BIC participates in Davos on the role of faith in building safer communities
The Baha’i International Community’s Principal Representative has moderated a panel at the World Economic Forum in Davos alongside experts and faith leaders on the role of faith in safeguarding communities and globalization.
The panel featured Buddhist, Christian and Jewish religious leaders, a child psychiatrist, and a member of the United Arab Emirates based Interfaith Alliance for Safer Communities (IASC)—the organizers of the panel.
Conversations centered around the role that faith leaders can play in safeguarding their communities, in particular from threats of online child sexual abuse and violent extremism.
Other themes included how to ensure that interfaith dialogue turns into action and the experiences of faith-based organizations in partnering with government agencies, private sector entities and civil society.
“Every society raises its children within an intricate constellation of values, priorities and convictions. Many of these contribute to the healthy development of both individuals and society, ” said Bani Dugal, Principal Representative of the Baha’i International Community to the United Nations and moderator of the panel.
“Yet messages of a very different sort have been gaining prominence in recent times. Gratification of personal desire is relentlessly promoted in the name of choice. Self-interest is acclaimed without apology.
“Relationships are becoming increasingly transactional and monetized. The proliferation of pornography, no less than the deluge of sexual imagery used to promote virtually every product and service imaginable, provide just a glimpse of the magnitude of the challenge before us.”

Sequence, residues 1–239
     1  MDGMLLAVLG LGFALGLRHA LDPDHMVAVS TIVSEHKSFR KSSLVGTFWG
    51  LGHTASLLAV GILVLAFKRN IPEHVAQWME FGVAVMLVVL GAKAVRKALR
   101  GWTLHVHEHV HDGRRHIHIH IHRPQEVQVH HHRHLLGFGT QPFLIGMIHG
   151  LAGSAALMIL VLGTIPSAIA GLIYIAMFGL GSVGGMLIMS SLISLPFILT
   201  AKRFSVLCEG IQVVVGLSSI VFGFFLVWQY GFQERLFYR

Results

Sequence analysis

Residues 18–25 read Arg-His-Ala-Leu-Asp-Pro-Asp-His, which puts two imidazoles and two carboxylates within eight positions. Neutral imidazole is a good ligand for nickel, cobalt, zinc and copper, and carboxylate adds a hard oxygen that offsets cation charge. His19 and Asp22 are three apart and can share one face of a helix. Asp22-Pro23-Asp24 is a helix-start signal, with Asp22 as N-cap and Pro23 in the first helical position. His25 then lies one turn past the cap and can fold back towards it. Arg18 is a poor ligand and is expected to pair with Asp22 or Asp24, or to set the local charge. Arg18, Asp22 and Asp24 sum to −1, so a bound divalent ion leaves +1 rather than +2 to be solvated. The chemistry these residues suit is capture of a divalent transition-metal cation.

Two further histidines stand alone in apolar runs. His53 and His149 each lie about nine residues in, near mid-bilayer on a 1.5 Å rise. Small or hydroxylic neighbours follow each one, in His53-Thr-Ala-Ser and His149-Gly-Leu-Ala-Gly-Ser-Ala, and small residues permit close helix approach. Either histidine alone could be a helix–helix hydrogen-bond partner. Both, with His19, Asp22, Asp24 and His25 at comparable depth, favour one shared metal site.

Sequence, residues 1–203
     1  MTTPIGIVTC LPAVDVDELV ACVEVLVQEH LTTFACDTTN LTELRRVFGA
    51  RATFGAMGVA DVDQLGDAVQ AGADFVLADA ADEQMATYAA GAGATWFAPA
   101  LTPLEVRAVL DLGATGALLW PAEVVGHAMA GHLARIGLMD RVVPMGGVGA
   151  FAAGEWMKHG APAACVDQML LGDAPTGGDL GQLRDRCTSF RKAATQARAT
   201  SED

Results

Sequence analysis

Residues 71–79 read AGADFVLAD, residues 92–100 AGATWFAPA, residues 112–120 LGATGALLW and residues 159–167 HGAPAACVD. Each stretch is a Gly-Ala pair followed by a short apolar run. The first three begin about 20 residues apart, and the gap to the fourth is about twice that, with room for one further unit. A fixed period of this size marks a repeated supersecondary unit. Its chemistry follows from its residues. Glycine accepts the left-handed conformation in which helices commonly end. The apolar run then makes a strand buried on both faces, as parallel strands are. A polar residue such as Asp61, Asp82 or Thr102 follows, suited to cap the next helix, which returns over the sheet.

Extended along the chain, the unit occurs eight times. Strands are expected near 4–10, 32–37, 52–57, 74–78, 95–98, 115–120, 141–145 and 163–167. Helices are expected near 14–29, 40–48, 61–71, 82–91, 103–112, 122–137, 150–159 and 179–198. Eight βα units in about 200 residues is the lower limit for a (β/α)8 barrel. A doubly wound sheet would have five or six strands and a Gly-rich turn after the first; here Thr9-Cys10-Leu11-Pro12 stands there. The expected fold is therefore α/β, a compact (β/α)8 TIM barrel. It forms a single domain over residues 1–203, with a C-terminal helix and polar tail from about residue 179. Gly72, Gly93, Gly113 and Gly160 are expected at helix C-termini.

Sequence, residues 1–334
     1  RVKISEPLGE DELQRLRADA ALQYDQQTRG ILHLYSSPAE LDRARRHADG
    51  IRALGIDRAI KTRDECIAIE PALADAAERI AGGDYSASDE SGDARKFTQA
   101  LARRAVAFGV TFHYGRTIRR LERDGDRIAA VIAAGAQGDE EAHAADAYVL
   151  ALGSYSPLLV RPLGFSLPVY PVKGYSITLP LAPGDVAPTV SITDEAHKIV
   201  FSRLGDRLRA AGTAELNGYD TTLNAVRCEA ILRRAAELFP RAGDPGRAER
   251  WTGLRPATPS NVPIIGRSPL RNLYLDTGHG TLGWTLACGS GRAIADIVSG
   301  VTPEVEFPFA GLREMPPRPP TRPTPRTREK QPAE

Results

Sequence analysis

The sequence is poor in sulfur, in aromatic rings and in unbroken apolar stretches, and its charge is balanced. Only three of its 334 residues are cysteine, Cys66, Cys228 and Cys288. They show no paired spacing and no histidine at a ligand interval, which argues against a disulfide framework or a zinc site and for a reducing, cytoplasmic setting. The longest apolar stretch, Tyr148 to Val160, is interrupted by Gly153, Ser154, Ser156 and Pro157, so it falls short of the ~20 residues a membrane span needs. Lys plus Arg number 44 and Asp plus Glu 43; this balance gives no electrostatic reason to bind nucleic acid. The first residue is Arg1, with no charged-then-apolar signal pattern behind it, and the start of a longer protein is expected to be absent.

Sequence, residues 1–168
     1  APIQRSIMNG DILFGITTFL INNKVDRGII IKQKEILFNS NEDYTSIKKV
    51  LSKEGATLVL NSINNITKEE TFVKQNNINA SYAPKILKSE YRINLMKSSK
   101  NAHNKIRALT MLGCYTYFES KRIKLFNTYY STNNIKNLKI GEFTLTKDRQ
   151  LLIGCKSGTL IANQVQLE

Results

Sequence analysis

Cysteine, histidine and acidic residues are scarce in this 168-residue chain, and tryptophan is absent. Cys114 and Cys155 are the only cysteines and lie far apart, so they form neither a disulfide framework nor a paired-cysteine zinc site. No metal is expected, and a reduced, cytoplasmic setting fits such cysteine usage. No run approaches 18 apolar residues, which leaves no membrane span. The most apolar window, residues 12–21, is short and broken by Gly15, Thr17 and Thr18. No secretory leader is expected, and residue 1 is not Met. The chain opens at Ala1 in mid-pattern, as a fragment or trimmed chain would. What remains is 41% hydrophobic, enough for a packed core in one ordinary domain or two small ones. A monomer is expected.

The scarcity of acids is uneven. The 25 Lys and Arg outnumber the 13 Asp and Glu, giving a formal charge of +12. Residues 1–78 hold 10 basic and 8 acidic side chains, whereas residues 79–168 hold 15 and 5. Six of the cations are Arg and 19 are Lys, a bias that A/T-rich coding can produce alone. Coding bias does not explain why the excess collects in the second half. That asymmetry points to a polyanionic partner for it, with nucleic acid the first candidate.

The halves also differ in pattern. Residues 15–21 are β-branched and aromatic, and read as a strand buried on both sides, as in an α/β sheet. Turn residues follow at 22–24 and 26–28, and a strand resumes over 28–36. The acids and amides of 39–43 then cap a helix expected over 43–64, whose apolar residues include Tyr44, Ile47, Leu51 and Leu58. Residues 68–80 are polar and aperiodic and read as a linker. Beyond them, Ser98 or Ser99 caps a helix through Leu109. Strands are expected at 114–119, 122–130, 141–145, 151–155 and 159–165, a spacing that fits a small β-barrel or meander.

Ms. Dugal added: “However, history has shown us that religion is one of the few social forces with the power to overcome widespread challenges such as these. At its best, religion releases a motivation towards nobility and a concern that transcends mere self-interest.
“In this light, faith leaders and the communities they guide have a responsibility not only to hold themselves to a higher standard, but to strive toward a level of conduct that is exemplary in its integrity and transparency.”
Panelists explored further questions including how faith leaders can take an active part in combating crime, how to build capacity within the community to work with individuals and institutions and how to combine the knowledge systems of science and religion in order to make a difference in the world.
The event marked the first stop in a global tour of the Interfaith Alliance Exposition, an exhibition that provides an interactive way of communicating the different aspects of online sexual abuse and exploitation of children, and the role that faith leaders can play in combating it.
The process leading up to the panel involved a two-year effort that began in the Vatican in 2017 with the Declaration of Rome endorsed by Pope Francis and led to a forum held in Abu Dhabi in November 2018.
As part of the process, six workshops with more than 270 attendees from over 30 countries were held. Future fora will explore other risks that impact the safety and security of communities including extremism, radicalization and human trafficking among other themes.